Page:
Tennis star Andy Murray left a press conference in Melbourne in the last couple of minutes in floods of tears admitting that he has decided to retire in 2019.
A severe hip and back injury has plagued the Scot for years. He missed multiple grand slams over the last two years as a result of the recurring injury and he says that he will now be forced to call it a day once and for all.
Crying, stopping and then sobbing, Murray said that he would like to finish at Wimbledon this year, where he won the tournament 3 times, but admitted that it was more than likely he won’t make it that far and that next week’s Australian Open will likely be the end of his career.
“Obviously I’ve been struggling for a long time, and I’ve been in a lot of pain for about 20 months now,” said Murray, who is scheduled to face Spainiard Roberto Bautista Agut in the first round on Monday.
“I’ve pretty much done everything that I could to try and get my hip feeling better and it hasn’t helped loads. I’m in a better place than I was six months ago but still in a lot of pain. It’s been tough.
“I’m going to play. I can still play to a level, just not a level that I’m happy playing at. But it’s not just that. The pain is too much really and I don’t want to continue playing that way.”
Murray then shocked the reporters by declaring that he had already spoken to his team before Christmas about finishing up. He wants to make it to the end of Wimbledon but he may not make it that far as the pain is too severe.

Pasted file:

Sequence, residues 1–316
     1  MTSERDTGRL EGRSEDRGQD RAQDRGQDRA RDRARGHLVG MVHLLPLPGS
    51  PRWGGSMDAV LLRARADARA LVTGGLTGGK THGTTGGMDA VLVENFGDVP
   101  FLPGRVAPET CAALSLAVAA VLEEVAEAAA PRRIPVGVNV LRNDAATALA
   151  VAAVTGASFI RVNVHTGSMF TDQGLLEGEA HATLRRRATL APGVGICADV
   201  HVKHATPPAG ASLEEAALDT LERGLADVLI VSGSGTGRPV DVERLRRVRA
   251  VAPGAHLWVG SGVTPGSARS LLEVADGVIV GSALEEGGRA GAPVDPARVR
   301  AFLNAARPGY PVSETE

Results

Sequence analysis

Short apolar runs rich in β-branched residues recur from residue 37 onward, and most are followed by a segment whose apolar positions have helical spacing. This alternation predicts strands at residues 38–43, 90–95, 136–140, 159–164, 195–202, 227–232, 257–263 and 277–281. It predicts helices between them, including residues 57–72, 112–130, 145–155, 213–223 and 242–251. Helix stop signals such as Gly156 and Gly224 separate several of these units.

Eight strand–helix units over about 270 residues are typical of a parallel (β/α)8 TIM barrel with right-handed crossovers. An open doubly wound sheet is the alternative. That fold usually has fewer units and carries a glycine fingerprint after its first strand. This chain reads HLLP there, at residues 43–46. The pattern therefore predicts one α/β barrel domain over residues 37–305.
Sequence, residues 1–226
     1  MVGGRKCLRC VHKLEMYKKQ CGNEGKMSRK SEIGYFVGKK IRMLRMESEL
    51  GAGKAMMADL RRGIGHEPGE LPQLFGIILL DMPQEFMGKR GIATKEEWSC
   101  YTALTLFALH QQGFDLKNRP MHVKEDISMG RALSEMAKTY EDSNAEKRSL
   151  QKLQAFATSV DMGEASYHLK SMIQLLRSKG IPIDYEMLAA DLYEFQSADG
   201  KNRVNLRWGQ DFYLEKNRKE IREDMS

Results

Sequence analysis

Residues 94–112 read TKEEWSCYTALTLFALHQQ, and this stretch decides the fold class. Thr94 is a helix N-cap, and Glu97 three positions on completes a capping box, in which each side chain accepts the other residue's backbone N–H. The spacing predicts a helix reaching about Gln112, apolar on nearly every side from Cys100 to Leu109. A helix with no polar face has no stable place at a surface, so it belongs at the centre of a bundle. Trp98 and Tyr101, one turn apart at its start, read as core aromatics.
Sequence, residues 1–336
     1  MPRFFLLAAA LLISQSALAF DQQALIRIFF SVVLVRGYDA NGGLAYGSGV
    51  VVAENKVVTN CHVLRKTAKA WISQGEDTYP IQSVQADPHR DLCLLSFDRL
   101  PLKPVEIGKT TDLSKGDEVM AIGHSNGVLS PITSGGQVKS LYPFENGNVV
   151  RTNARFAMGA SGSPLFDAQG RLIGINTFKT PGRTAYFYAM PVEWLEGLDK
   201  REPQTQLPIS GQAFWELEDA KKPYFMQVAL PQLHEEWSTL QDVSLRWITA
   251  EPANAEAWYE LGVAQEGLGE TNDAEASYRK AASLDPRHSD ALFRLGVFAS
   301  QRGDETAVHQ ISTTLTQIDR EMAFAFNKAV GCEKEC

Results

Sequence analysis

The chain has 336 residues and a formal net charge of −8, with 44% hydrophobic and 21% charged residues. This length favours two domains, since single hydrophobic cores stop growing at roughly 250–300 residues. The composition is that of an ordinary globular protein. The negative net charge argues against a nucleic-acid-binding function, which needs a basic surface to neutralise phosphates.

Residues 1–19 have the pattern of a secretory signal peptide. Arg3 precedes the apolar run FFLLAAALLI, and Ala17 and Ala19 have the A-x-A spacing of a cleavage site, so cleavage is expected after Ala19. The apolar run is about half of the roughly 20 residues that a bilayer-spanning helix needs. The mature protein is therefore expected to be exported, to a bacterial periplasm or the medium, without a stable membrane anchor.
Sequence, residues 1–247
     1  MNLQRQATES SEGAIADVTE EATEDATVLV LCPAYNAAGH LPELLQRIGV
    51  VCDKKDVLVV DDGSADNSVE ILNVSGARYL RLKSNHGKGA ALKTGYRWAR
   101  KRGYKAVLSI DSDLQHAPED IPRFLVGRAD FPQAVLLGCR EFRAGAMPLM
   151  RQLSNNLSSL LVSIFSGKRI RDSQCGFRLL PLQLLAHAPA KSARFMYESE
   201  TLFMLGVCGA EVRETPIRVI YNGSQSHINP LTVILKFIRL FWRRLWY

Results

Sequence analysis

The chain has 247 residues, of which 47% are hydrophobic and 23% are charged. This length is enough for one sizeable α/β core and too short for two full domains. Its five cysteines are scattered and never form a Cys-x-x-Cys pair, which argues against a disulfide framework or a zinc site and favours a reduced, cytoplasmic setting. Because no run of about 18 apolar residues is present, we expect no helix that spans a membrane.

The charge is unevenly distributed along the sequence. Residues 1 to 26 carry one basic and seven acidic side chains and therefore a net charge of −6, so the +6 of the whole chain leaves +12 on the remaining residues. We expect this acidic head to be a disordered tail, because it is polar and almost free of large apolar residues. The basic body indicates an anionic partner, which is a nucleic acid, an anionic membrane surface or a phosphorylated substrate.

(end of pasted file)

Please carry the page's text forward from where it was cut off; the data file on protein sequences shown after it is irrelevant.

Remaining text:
“I told them I can’t keep doing this, and I needed to have an end point because I was playing with no idea when the pain was going to stop,” he added. “I told them I think I can get through this until Wimbledon. That’s where I’d like to stop playing, but I’m also not certain I will able to do that.”
And when asked if the Australian Open could be his final tournament, he said: “Yes I think there’s a chance of that for sure because I’m not sure I’m able to play through the pain for another four or five months.
“I have an option to have another operation, which is a little bit more severe than what I’ve had before in having my hip resurfaced, which will allow me to have a better quality of life and be out of pain.
“That’s something I’m seriously considering right now. Some athletes have had that and gone back to competing but there’s obviously no guarantees with that and the reason for having an operation like that is not to return to professional sport, it’s just for a better quality of life.”
This story is developing.
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